'Mojo' | ★★★½
Review by Jim Farber
New York Daily News - Monday, June 14, 2010
Reunion disc offers up real band rapport
Tom Petty let nearly a decade slip by since the last time he recorded a new album of songs with his Heartbreakers band. But, judging by this reunion disc, it seems he was hellbent on making up for lost time.
It's a disc almost entirely about the band itself -- the push and pull between the players, the groove they mine together, and the catch and release that happens in all those tricky transitions between firmly grounded riffs and high flying leads.
To capture that frisson, Petty and the Heartbreakers cut the disc entirely live, without the net, or the self-consciousness, of overdubs. Petty says his inspiration came from the brief reformation two years ago of Mudcrutch, his very first band.
If that move returned the star to his roots, he borrowed further into them by making "Mojo" a blues album, a fact telegraphed by its title. Luckily, it's hardly an orthodox one. While "Mojo" hews to the essential structure and feel of the blues, it's not just another vamp through the Muddy Waters songbook. Petty and guitarist Mike Campbell wrote original material for the disc, and they broke up its blues base with flashes of folk, psychedelic rock, even reggae.
Ducking in and out of the 12 bar forays are pretty ballads, like "No Reason To Cry," or a joke song like "Don't Pull Me Over," about about a middle aged dad who puffs pot on the sly while praying the cops don't nail him.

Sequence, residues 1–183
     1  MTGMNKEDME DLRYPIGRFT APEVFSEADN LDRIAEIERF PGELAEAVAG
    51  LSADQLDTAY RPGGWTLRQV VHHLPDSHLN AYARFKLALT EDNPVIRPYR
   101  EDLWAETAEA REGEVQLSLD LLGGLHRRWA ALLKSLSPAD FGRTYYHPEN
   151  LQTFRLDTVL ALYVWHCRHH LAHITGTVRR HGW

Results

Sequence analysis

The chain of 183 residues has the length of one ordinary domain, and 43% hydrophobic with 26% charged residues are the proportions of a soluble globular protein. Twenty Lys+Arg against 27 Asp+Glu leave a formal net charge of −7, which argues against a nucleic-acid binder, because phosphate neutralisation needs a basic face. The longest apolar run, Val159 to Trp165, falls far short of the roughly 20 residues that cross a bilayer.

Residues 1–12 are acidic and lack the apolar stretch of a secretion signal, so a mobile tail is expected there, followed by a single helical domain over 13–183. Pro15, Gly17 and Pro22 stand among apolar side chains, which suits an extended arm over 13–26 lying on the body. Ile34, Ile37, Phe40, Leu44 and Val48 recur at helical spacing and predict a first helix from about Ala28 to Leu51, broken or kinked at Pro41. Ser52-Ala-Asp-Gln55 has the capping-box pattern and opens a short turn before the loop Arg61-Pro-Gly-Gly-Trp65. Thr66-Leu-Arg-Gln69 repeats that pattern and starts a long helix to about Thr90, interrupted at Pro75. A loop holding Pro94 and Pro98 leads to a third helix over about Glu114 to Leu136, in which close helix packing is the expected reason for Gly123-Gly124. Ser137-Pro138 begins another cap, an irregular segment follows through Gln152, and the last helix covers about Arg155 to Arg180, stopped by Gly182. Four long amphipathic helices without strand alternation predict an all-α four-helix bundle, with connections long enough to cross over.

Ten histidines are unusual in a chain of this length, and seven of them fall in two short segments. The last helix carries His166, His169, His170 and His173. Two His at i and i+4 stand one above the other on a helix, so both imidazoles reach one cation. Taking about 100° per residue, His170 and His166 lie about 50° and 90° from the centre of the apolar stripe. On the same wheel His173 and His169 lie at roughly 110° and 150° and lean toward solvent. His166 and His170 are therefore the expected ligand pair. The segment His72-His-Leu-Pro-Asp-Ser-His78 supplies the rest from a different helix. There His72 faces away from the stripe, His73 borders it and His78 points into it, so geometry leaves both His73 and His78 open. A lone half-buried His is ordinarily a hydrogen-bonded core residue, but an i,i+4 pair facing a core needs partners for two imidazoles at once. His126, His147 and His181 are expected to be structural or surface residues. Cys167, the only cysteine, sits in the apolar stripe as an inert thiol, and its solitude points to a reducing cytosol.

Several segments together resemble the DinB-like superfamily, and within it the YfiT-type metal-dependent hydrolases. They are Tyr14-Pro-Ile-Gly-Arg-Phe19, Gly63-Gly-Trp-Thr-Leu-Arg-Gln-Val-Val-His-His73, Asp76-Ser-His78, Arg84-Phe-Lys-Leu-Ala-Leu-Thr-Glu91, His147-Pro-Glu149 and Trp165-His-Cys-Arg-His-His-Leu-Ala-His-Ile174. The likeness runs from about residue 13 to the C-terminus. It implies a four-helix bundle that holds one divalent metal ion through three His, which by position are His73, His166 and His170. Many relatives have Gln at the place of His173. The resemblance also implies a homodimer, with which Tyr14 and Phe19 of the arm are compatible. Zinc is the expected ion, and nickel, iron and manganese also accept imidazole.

Some lyrics make sure to expand the common palate of the blues, never more slyly than in the opening cut, "Jefferson Jericho Blues." It's about Thomas Jefferson's famed affair with his black maid. How better to address the contradictions, and conflicts, of race, art, and ownership than that?
The music in the song, like much of what's here, honors the band's own generation, and milieu, of the blues rather than any earlier incarnation. Essentially, that means its main reference point is The Allman Brothers, a fact made obvious from the twined lead guitars in the opening track. That connection becomes even clearer in "First Flash of Freedom," which lifts the floating bass line and dancing structure of the Allman's 1969 mind-expanding track "Dreams."
The Allmans comparisons aren't always flattering. The Heartbreakers will never have the heat and mania of that storied band. But, by their own standards, "Mojo" finds in them more than the usual fire.
"Running Man's Bible" makes able use of a surging Memphis organ, a teasing guitar riff, and cackling leads, while "I Should Have Known It" comes as close as these moseying Southern guys ever will to the concussive blues of early Zeppelin. Better, it's fired by the most stinging slide lead of Campbell's career.
If, in the end, "Mojo" hasn't transformed The Heartbreakers into the world's most expansive or wild jam band, it has just enough of the looseness and freedom of boomer-era blues to show the rapport of a real band.